Facebook Inc (NASDAQ:FB) raised more than a few eyebrows when it announced it was paying $1 billion for Instagram four years ago, but now it’s looking like that was a smart investment. Not only has the photo-centric social network begun attracting more ad dollars than Twitter, but more data indicates that adoption among direct response advertisers has soared.
Marketers recognizing the value of Instagram
In its June 2016 “Instagram Advertising Benchmark Report,” Nanigans reports that now more than half of its customers were advertising on Instagram as of April.
ValueWalk's Raul Panganiban interviews Kirk Du Plessis, Founder and CEO of Option Alpha, and discuss Option Alpha and his general approach to investing. Q1 2021 hedge fund letters, conferences and more The following is a computer generated transcript and may contain some errors. Interview with Option Alpha's Kirk Du Plessis
The firm adds that adoption of advertising on Instagram has increased along with the size of ad budgets. According to Nanigans, the average size of ad spend on Instagram grew 29% from February to April.
“With rising budgets, Instagram is cementing its position as a core channel for digital advertisers powering growth on mobile,” the firm states in its benchmark report. “This trend is the result of strong performance, rapid innovation in direct response ad products, and the ability to use Facebook Inc (NASDAQ:FB)’s familiar targeting capabilities to quickly scale growth and ROI.”
Nanigans also reports that e-commerce advertisers are seeing especially great success with their ad spend on Instagram as it offers them a way to visually promote their products and services “in a highly compelling way.” According to the firm, its top-spending e-commerce customers saw a 62% increase in the return on their Instagram ad spend when looking at the August to October 2015 and February to April 2016 timeframes.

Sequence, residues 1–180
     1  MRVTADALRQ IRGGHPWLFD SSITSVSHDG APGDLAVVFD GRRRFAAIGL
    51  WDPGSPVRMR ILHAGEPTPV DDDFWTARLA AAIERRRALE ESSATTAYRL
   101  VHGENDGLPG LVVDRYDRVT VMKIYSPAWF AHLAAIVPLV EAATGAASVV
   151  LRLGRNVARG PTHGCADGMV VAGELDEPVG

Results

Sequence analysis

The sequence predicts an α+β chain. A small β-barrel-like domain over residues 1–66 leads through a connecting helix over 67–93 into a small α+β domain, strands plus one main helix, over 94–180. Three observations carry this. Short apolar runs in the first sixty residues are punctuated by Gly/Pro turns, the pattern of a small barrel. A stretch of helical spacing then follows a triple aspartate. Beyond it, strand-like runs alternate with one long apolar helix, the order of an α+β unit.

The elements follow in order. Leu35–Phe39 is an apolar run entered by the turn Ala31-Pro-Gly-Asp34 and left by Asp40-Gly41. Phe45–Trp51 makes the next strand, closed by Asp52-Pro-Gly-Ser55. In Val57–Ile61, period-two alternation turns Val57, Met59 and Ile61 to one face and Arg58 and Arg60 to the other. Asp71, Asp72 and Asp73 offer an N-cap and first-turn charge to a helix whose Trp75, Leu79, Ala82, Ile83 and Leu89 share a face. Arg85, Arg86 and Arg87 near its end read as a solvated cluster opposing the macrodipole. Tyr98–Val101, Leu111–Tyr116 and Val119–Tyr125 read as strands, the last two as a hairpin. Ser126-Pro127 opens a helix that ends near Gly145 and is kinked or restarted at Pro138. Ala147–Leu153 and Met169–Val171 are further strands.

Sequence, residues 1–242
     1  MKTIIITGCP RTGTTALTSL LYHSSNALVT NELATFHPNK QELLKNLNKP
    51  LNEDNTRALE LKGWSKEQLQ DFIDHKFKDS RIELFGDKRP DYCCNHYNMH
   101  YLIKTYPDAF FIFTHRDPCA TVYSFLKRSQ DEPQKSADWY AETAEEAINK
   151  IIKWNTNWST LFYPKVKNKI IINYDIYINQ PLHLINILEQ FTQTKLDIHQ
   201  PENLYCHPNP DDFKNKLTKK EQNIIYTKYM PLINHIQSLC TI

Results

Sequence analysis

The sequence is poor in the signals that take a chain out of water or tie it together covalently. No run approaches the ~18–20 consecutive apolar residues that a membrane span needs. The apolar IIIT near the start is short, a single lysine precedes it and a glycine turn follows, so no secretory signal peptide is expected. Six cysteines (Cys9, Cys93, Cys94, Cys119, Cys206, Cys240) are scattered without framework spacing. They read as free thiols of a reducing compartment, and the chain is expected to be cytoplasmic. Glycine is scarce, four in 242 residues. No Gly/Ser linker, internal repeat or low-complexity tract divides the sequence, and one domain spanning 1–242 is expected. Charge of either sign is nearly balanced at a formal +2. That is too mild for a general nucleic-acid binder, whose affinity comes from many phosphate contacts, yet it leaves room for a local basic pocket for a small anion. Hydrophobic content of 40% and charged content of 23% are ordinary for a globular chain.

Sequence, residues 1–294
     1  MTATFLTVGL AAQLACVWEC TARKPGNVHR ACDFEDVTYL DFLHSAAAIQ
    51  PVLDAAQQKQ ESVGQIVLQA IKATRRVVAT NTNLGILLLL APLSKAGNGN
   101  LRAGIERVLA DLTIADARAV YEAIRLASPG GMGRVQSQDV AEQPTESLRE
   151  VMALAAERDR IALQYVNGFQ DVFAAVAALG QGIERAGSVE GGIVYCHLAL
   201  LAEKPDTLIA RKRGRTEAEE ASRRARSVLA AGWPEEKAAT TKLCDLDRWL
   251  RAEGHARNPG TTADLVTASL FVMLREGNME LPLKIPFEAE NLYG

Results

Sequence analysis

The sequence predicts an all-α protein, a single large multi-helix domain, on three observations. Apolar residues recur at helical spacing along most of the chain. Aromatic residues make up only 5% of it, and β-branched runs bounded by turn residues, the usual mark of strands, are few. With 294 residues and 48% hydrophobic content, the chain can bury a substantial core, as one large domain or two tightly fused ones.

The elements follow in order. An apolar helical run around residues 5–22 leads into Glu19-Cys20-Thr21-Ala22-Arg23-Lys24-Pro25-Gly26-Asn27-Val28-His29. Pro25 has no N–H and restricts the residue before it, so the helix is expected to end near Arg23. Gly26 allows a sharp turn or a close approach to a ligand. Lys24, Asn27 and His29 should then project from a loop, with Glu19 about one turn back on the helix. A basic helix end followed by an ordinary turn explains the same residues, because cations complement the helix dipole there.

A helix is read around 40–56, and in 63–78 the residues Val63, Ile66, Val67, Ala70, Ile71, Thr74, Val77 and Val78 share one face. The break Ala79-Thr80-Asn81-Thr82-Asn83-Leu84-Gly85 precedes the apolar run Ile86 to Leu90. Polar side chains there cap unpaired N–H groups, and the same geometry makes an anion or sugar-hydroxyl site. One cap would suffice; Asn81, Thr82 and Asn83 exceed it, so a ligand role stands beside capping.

Instagram versus FB
The firm also compared the performance of its advertisers on Instagram and its parent company Facebook Inc (NASDAQ:FB). Nanigans looked at its clients that advertised on both social networks over the same period of time. To compare the performance of its various clients, the firm looked at click-through rate, cost per thousand impressions, and cost per click, and the results of its analysis turned to be quite interesting.
Instagram innovates in ad products
Analysts discovered that in the first four months of this year, cost per thousand impressions on Instagram was fairly stable with what was seen six months before with only a 2% decline. Since the last time Nanigans compiled a report on Instagram, the social network has changed how it calculates ad clicks. It rolled out ad overlays and then changed to count only the clicks that came from users who tapped on the ad overlay link, taking them to the website or app or to the app store or clicks on an ad’s call-to-action button, such as “Install Now” or “Shop Now.” More recently, the social network rolled out a full-width call-to-action button on ads to replace the overlay and previous design.
According to Nanigans, the social network discovered that most clicks came not on the overlay but on the call-to-action button, which now turns blue when a user taps on the image in an ad. The firm states that the new behavior confirms the user’s intent to click through to an advertiser’s website and results in higher-quality clicks because it disregards clicks from those who didn’t take any action, probably because they clicked accidentally. Nanigans sees this as a positive because it will drive a greater return on ad spend.